Here's the part where you have to act fast, ideally you have a foam press but I didn't so I made it happen with whatever I could find that was close enough to a press....two pillows. Wrap the Kydex around your gun, that's how it'll make the shape of your holster, and don't bother too much with matching the edges you can sand them later, just make sure it's wrapped around tightly. Immediately put your Kydex and gun in the press, or as I did it - put it in-between two pillows and place a few dozens books (or anything really heavy) on top of the pillows. Basically you're making a sandwich, your pillows are the buns, your gun is the burger, your Kydex is the cheese dribbling around the meat and your books are the sesame seeds on top of your bun.

 

You're going to want to leave the Kydex under there for 10-15 minutes, basically the Kydex has to cool down completely or it will return to it's original shape. If you want to you can sit on top of the whole thing while it's cooling. Two tips, if you don't want to burn your pillows put a tin foil sheet in-between pillows and Kydex, if you don't want to burn your hands use gloves and if you don't want to damage your pistol then put an empty magazine in the pistol.

 

Once it's cooled down you're halfway done! Get yourself a piece of sandpaper and sand down every excess materials on your new holster, make the edges match and smooth out all of the edges. If like me you made belt loops out of Kydex heat them using your gas or electric cooker and bend them the way you want. Make sure you don't touch the cooker with your Kydex and that you only apply heat to the parts you want to change (if you still have no idea what I'm talking about check the video below).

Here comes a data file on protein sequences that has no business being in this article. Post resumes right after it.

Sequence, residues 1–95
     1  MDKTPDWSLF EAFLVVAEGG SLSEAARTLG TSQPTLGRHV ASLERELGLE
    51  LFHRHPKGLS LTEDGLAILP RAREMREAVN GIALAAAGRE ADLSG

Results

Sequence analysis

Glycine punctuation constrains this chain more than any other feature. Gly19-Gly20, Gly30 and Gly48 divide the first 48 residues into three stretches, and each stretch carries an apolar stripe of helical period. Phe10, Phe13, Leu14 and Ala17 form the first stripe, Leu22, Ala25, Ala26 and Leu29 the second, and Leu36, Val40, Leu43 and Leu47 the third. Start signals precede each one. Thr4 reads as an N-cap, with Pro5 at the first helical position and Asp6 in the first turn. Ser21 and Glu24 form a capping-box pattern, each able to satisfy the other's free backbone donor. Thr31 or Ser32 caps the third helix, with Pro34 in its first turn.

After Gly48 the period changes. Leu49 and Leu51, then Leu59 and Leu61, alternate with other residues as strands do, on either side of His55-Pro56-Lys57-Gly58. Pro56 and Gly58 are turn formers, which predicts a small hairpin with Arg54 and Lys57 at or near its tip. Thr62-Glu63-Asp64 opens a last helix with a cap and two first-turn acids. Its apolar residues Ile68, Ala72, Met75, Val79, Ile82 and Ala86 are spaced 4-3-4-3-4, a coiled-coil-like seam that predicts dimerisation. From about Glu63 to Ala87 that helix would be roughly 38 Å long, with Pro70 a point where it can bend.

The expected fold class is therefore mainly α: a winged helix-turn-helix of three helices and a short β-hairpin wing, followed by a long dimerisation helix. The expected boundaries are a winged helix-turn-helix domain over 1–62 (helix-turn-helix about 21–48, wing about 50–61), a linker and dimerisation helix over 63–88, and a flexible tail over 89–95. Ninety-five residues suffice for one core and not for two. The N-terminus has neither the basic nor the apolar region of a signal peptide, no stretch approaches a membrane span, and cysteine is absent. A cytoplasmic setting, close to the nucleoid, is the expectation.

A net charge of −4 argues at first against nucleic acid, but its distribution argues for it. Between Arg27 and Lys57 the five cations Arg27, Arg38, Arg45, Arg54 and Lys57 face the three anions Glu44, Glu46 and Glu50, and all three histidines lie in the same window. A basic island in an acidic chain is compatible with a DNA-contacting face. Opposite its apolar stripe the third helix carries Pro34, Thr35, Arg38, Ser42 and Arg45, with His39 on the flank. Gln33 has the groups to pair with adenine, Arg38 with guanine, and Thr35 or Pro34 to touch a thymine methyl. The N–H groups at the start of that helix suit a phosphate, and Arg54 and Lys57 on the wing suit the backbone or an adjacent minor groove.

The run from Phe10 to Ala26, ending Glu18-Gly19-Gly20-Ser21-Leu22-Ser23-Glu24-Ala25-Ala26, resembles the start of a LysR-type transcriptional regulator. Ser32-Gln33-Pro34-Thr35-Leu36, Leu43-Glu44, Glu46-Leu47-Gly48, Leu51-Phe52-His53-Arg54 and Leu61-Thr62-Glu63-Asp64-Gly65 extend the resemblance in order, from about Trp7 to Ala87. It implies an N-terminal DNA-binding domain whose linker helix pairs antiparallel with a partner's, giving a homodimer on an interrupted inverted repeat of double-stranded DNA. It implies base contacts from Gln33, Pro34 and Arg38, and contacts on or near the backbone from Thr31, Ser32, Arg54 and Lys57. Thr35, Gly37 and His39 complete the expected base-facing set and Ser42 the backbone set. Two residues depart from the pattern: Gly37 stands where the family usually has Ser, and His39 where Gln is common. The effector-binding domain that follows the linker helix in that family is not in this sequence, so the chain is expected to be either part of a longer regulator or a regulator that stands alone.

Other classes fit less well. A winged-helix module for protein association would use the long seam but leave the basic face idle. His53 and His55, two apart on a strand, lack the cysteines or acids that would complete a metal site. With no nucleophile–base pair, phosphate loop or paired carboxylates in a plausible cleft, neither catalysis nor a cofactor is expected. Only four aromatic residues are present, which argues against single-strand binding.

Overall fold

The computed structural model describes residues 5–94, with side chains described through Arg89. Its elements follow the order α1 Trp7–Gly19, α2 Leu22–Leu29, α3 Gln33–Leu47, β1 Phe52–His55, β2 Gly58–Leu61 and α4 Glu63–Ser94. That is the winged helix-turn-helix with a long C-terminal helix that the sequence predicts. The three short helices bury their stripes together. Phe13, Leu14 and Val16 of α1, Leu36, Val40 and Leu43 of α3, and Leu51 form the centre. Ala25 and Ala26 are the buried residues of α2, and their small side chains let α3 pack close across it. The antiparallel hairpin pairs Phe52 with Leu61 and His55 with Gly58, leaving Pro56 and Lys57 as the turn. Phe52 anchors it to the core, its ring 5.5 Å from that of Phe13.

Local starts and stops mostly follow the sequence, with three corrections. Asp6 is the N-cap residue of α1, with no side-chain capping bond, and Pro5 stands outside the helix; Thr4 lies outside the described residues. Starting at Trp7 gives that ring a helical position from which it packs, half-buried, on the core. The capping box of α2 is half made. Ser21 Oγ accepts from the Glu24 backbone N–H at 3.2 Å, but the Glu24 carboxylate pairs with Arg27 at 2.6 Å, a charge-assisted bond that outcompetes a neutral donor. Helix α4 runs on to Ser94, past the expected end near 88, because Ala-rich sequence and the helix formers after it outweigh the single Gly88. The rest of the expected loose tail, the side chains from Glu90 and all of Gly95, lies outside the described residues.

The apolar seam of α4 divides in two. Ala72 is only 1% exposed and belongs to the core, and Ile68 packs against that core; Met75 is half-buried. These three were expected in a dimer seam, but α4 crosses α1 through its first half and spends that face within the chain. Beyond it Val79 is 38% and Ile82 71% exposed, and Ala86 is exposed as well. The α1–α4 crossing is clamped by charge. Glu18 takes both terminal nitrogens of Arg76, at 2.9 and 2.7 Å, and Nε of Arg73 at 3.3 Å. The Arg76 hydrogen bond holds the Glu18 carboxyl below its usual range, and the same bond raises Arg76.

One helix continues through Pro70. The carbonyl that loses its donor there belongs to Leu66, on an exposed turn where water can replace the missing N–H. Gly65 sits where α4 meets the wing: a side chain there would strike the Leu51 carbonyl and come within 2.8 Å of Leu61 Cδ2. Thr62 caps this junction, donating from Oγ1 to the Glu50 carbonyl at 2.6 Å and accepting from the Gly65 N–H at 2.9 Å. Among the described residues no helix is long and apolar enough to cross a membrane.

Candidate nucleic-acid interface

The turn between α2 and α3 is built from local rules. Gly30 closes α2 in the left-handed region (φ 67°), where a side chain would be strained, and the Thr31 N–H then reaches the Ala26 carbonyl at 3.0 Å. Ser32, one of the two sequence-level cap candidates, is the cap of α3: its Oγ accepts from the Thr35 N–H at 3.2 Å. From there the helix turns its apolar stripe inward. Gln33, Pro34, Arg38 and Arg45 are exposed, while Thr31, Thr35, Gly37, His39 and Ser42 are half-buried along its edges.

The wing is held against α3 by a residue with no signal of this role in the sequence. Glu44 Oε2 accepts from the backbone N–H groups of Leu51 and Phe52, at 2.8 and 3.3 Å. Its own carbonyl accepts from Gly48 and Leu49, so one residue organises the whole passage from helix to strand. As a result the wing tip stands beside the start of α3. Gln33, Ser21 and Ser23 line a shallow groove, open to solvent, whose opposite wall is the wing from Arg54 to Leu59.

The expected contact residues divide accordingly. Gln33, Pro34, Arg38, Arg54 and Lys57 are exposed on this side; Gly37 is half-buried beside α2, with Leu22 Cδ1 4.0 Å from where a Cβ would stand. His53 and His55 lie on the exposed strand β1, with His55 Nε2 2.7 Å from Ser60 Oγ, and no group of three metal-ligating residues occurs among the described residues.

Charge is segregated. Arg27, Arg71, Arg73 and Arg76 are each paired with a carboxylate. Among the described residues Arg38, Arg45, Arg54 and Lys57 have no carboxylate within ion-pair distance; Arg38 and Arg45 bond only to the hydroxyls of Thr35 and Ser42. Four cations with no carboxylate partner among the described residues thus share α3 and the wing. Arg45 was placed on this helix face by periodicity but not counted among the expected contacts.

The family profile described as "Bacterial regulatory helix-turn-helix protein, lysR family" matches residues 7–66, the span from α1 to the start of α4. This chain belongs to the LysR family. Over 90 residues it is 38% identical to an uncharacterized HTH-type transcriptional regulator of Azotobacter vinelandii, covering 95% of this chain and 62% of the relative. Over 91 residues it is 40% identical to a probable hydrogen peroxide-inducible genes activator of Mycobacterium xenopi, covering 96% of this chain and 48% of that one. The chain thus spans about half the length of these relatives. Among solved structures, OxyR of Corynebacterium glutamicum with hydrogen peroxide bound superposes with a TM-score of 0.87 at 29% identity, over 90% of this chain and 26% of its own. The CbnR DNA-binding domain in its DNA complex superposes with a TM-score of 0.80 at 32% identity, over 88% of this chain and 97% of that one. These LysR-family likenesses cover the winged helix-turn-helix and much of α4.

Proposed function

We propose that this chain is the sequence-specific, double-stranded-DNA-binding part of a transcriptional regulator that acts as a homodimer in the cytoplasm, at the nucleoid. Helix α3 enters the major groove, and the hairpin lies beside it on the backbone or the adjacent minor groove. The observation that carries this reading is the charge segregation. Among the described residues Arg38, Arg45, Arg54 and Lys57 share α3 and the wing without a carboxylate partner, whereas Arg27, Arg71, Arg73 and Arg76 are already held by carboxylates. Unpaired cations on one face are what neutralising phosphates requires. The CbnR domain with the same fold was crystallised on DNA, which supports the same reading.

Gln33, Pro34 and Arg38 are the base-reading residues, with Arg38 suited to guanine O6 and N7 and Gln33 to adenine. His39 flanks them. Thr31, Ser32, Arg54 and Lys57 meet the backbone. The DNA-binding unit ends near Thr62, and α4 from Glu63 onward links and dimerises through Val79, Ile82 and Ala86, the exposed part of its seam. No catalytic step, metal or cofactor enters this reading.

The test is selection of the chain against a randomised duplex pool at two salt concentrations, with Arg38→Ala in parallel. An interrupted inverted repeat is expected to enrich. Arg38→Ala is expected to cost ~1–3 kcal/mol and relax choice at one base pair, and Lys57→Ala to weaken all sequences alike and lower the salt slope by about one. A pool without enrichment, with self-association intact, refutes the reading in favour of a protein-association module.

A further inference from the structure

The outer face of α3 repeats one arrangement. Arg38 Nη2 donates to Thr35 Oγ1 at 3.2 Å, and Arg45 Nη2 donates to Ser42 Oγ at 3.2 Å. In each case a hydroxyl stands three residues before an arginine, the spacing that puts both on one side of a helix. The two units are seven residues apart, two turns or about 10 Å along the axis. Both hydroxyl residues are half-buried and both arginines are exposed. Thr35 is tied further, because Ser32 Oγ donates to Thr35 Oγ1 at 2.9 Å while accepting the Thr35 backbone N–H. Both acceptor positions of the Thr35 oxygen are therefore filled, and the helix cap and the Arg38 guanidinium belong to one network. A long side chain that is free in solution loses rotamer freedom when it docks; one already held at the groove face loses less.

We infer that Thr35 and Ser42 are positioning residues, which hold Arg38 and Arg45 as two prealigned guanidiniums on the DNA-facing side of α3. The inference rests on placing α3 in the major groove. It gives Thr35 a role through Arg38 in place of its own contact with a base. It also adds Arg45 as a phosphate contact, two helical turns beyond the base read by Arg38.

Next is the easiest bit, get your drill, make two or three holes along the edges, and tie up the two halves with rivets. I simply got myself a cheap rivet gun and put in three rivet but I'm sure you can use something else than rivets and I'm also sure you can make three holes with something else than a drill too!

 

That's it, you're done, your marvellous Kydex holster is finished. It fits perfectly your gun, offers fast draws and retains perfectly. No? Did you screw up? Well the good thing about Kydex is that you can heat is back up two or three times and mould it again so don't worry too much!

 

Here is a look at my project:

 

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And here is the video tutorial I used to teach myself how to make this holster. All credit goes to this guy:

 

Again, you do not necessarily need all the tools he used. I had none. Use your imagination!

 

Hopefully you found this post interesting/informative and I wish you luck in attempting yourself!